Additional photos of this BMW R62 are available here for your perusal.
Introduced in 1928, the R62 was BMW’s first 750cc touring motorcycle and it laid the foundation for all big-touring BMWs to come. It uses the last generation of the bent-tube, all-welded frames known as “flat tankers,” and it was both light and strong. It was BMW’s top of the line machine, selling for 1,650 Reichsmarks (approximately the average salary for a German at the time).
The front suspension is BMW’s distinctive trailing-link fork cushioned by a leaf spring, and this big tourer features full electric Bosch lighting.
BMW made a habit of introducing innovative new models on an almost yearly basis; the R62 arrived only five years after motorcycle production began at the Munich factory and it was a huge improvement from BMW’s first model, the R32 of 1923. The R62 had more than twice the horsepower (18 HP at 3,400 RPM), and a far more modern engine and gearbox than the original.
These early flat-tank BMWs have a particular charm for collectors of vintage machinery, being that it is the last with a clear visual link to that first BMW of 1923. The design is spare and elegant, showing the influence of German design by Bauhaus concepts of function free from excessive ornamentation.
The R62 was replaced by the pressed-steel frame R11 in late 1929, and while the engine and gearbox were identical, the tube-frame machines appear lighter than the flat-metal frames which replaced them. These earlier models are robust enough to successfully tackle the Cannonball cross-country endurance run, and they have a rabid global following which includes excellent spares availability.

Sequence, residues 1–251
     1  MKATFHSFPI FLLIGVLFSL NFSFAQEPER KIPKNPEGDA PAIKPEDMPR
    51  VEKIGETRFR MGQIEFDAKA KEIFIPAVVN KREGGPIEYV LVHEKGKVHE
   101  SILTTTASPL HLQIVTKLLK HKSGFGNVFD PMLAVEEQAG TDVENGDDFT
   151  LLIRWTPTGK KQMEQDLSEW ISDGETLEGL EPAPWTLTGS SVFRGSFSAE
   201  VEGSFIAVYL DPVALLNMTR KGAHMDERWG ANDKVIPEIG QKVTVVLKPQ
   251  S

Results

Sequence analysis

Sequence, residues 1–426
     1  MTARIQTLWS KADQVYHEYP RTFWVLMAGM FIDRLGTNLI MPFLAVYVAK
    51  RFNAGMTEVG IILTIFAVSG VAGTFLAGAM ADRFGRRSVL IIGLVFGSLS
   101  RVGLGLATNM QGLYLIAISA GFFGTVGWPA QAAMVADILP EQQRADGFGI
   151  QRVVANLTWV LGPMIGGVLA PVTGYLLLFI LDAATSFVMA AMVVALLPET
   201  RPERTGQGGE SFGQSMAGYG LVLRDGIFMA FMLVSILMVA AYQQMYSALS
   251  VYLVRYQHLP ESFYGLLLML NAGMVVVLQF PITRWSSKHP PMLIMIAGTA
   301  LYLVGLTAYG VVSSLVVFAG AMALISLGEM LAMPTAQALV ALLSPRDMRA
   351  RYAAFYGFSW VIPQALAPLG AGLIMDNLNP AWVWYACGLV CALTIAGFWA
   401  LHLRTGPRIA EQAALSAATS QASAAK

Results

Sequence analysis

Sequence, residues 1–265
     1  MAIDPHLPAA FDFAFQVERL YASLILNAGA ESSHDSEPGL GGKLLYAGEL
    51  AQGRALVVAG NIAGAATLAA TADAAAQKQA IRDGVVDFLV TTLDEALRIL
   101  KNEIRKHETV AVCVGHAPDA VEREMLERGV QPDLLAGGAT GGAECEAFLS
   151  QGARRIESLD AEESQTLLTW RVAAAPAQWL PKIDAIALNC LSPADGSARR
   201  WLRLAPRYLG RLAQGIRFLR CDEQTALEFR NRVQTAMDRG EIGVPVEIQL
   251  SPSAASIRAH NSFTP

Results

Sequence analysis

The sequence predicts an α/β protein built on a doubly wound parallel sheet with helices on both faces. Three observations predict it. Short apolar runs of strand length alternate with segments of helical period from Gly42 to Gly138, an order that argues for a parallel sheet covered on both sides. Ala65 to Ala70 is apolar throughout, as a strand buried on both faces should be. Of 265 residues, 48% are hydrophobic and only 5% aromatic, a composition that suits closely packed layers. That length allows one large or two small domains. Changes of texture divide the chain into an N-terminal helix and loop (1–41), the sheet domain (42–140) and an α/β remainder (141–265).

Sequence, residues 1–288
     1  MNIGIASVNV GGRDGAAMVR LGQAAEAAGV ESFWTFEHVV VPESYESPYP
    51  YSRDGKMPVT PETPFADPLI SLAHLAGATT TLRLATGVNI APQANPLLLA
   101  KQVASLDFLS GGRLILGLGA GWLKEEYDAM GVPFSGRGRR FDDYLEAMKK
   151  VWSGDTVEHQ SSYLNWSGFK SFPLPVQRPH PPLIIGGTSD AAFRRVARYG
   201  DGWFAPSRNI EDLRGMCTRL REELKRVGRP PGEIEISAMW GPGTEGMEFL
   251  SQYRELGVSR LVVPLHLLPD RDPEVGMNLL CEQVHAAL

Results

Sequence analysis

Flat-tank BMWs with 750cc engines are in high demand as they’re suitable for modern road conditions, featuring both enough power to keep out of harm’s way and terrific reliability.
This 1928 BMW R62 (VIN: 62306) is a rare numbers matching example which includes case halves and transmission. Owned and restored by a well-respected Canadian collector, this particular R62 underwent a 3-year restoration, being completed in 2014 and raced in the Motorcycle Cannonball with 3,310 miles covered. Just 3,750 miles have been put on the bike since the restoration.
The R62 is among the rarest of all BMWs, with only 4,355 machines built in two years. This is an excellent opportunity to acquire a flat-tank BMW that’s simultaneously a concours contender and ready for the 2020 Cannonball.